Learn how to make stained glass for profit, includes types and sources of glass, basic tools, solder and lead and how to cut glass.
Make stained glass for profit, a fun home craft that makes you money.
Photo By Fotolia/milosljubicic
How to make stained glass for profit from stained glass art projects.
Making stained, leaded glass items is a snap . . . and selling them is even easier. I know because, until six months ago, my husband and I had never even touched a piece of stained glass. And now . . . now we have thirteen windows, several lamps, an assortment of suncatchers, and many other items to our credit. And, even when we quote "uptown" prices for our "out in the sticks" work, Wayne and I are amazed at the number of folks who seem eager to purchase our stained glass handiwork.
Actually, we never intended to make this a full or even a part-time business (we still don't), since my husband and I are both employed and we both already have far too many homestead, gardening, writing, and other projects started as it is. Like so many others (as we've since learned), all we really wanted to do a half year ago was buy a stained glass window for our home.
But that was easier said than done. No matter how hard we looked, we couldn't seem to find a single available stained glass window. "Aha! " we told each other, "We'll run an ad in the newspaper. That'll turn up something." So we took out the ad . . . and drew a complete blank. Not a single soul answered.
"Well, to heck with buying a window, then," we said. "We'll just get a stained glass how-to book and make our own."
And, as we soon proved to our own surprise, that was almost easier done than said. The following brief rundown of what we now know about making and selling stained glass work is certainly not an exhaustive treatise on the subject. But it is more than enough information to get you started in the craft.
Some stained glass pieces are assembled from stock that is cut to shape, while others are formed from unfaceted glass nuggets formed somewhat like drop cookies (that is, with rounded surfaces and flat bottoms). The slight curvature of the glass in these globs causes light to reflect, making the drops particularly useful in suncatchers (small, decorative, multi-colored designs that are hung up in windows). These large glass "beads" can be bought at craft stores . . . but I've found that their prices can range all the way from little for the 1/20 and 3/4 inch nuggets (50 for the 1-1/2 inch size) to 30¢ for a single globule. It pays to shop around!
Although large sheets of colored glass cost a bundle, smaller chunks — which work fine for most projects — can be bought from stained glass companies or art glass studios for a nominal sum. These sources usually sell broken glass by the pound and allow you to dig through their scrap pile to find the best pieces . . . remember, though, to wear leather gloves while you rummage in the heap so you won't cut yourself.
Colored glass is scored with a Fletcher No. 6 or 7 glass cutter, your basic working tool . . . which costs only about $1.10!
Besides the cutter, you'll need an inexpensive soldering iron and one or two pairs of pliers. A 40- to 80-watt iron works best. If you happen to have one with a higher wattage, however, you can use it if you either unplug the utensil when it gets too hot, or put a rheostat in the line to control its temperature. As a last resort, you could even get by with a woodburning iron, but this requires a finer solder than is normally used.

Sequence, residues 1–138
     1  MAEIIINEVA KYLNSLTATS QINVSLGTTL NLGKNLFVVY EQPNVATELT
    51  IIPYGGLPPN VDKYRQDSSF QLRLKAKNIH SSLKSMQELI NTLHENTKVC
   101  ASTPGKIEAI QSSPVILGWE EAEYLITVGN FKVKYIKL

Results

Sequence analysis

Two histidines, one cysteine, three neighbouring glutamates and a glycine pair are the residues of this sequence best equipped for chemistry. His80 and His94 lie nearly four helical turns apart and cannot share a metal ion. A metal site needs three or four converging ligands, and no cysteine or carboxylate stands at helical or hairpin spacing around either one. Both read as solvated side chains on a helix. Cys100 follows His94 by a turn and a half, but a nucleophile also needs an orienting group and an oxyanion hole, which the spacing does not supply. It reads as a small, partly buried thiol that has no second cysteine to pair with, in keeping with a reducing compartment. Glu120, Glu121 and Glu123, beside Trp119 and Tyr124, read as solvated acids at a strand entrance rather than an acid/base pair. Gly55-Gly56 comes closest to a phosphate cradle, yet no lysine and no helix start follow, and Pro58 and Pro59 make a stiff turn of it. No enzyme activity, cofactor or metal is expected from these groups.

When you go out to buy solder, pick up the 60/40 type . . . which means 60% tin and 40% lead. This combination of metals melts quickly, yet produces a strong bond. (50/50 will be your second choice when the first is unavailable.) A one-pound spool will get you started, and should cost around $5.00.
While you're at the hardware store, purchase a four-ounce bottle of liquid flux (about $1.50), too. It is absolutely essential that you brush this fluid onto the lead that you'll be mounting your pieces of glass in just before you solder each joint (otherwise the solder won't adhere properly). There are several kinds of flux, but you should buy either oleic acid or zinc and ammonium chloride.
The only other supply you'll need is lead came, which comes in various sizes and shapes and which is used to surround the edges of each piece of glass — with the lead joints soldered together — as the assembly grows.
Since your beginning stained glass pieces will probably be rather small, the first came you buy should be no larger than 1/8 inch . . . preferably 3/32 inch (which is easier to handle and looks especially good on the smaller items).
Wherever you buy your supplies of glass, ask for a six-foot length (about $1.00) each of 1/8- or 3/16-inch "H" — and 1/8- or 3/16-inch "U"-shape channeled lead came and the dealer will know exactly what you mean. The "H"-shaped strip is used as a common border whenever two pieces of glass are butted together, and the "U" channel will be run around the outer edges of the whole project.
There was a short but very complete article on cutting glass in MOTHER NO. 38 (see pages 94-95). Get the issue and look it up. In the meantime, here are some additional tips.
Before you begin, lay a piece of heavy cloth (I use a hunk of old velvet) on your worktable to cushion the glass and catch any splinters that might scatter. Then hold the cutter between your first and second fingers with your thumb positioned along its back.
Now press down against the glass (not too hard) and pull the tool toward your body without hesitation. Don't hunch down over the table because this tends to inhibit the natural flow of movement that you'll need when you cut. As the little wheel rolls toward you, you'll hear a crackle-like sound.